The topic of exercise plays a critical role in getting and staying motivated in order to thrive more and struggle less in a high demanding life.

In a high stress work environment, there are three types of hard working adults who operate in a high demanding job. The first group is the Thrivers, those who are productive in their work and sustain a great personal and professional life balance. On the other extreme are the Strugglers who do not operate in a high demanding job and most likely leave on their own to pursue opportunities elsewhere. In the middle are the Strivers who sometimes thrive and sometimes struggle.

My book Change Your Day Not Your Life has a quiz to help you identify where you stand in these three categories and what you can do to struggle less and thrive more. To take the quiz now, visit http://andycore.com/quiz/ to see if you are a Thriver, Striver, or Struggler.

In my quiz, one of the best questions is, “How often do you exercise at an effort level of 80% or higher?” 51% of people rarely exercise at an effort level of 80% or more, 9% exercise at this rate monthly and 40% exercise at this rate weekly. Based on those results, more than half of the people who took the quiz rarely work out at an effort level of 80% or more.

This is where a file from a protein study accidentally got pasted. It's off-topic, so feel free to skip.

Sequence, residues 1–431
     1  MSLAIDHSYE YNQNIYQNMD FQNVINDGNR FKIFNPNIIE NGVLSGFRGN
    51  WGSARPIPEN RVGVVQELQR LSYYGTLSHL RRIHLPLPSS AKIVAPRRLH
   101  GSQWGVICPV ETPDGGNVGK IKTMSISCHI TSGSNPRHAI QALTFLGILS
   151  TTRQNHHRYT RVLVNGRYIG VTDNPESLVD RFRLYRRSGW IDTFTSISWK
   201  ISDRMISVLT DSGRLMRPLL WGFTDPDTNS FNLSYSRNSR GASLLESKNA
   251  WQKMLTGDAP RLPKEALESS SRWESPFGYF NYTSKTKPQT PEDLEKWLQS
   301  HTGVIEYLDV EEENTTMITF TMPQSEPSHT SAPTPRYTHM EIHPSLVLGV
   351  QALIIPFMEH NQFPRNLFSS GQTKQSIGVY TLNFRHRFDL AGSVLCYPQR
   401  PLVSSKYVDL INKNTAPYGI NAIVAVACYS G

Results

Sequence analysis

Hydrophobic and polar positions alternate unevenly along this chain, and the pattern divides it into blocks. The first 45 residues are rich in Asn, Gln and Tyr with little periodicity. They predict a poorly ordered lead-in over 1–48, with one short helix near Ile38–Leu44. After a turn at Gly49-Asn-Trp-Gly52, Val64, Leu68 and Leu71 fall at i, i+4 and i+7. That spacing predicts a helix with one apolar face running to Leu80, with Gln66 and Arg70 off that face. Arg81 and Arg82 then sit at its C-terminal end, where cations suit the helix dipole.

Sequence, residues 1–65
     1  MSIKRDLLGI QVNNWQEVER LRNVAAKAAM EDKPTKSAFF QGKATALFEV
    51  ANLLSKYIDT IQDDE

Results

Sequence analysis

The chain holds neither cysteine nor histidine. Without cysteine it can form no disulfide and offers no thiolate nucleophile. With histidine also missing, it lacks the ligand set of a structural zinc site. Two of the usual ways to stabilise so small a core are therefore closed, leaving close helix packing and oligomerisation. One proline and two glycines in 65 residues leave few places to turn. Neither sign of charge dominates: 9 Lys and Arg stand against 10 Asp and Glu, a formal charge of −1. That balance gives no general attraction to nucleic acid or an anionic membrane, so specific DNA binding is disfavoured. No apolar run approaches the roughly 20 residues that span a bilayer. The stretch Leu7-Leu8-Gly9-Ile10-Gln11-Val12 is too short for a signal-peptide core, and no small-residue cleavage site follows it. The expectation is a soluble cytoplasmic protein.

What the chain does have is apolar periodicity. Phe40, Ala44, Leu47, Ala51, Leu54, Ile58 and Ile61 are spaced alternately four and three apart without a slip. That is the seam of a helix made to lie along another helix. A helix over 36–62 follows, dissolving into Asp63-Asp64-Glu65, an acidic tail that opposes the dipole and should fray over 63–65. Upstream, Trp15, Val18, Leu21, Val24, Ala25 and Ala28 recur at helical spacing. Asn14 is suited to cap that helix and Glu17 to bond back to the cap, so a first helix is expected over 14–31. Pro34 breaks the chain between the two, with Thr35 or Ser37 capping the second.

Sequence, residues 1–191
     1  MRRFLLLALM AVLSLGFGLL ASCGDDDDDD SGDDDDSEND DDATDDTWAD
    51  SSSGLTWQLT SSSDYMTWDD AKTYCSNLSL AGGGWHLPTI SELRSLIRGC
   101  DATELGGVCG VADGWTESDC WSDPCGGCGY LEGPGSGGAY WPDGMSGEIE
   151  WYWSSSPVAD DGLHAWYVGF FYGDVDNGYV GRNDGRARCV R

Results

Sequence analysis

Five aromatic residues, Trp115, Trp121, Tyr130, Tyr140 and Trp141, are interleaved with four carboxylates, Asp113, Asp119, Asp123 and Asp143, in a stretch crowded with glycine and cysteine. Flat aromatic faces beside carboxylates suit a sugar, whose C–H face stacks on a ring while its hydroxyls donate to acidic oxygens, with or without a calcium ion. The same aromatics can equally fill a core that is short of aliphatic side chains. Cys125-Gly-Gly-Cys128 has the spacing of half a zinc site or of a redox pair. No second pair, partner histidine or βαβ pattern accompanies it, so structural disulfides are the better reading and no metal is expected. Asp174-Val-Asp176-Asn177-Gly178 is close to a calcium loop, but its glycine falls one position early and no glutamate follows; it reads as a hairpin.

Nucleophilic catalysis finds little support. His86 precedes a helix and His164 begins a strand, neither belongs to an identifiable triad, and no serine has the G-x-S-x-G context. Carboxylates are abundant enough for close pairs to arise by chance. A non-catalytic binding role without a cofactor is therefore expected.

There are many benefits of exercising that create long term satisfaction such as more energy, motivation, work-life satisfaction and less stress. Specifically for people who are high stressed, exercising at an 80% or higher effort level makes a big difference. High levels of exercise can help reduce those high levels of stress like cortisol in your body.

The most common excuse for not making exercise a priority is lack of time or energy. An easy way to start exercising is to split your exercise time into five-minute blocks. I want you to do four minutes of exercise at a level of 60-80%, which is at conversational level, and one minute at 80% or more. After pushing yourself for 60 seconds, you can then go back to that four-minute level of exercise that is a little bit easier. This way, you can recover and it is less painful to jump back into that one-minute timeframe. This is a great way to break up your workouts, capitalize on stress reduction and make sure you’re adding enough positive energy to your life.

For more tips on how to reduce stress levels, read my book Change Your Day Not Your Life.

 
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Change Your Day, Not Your Life
A realistic guide to sustained motivation, more productivity, and the art of working well
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Author and speaker on work-life balance, productivity and wellbeing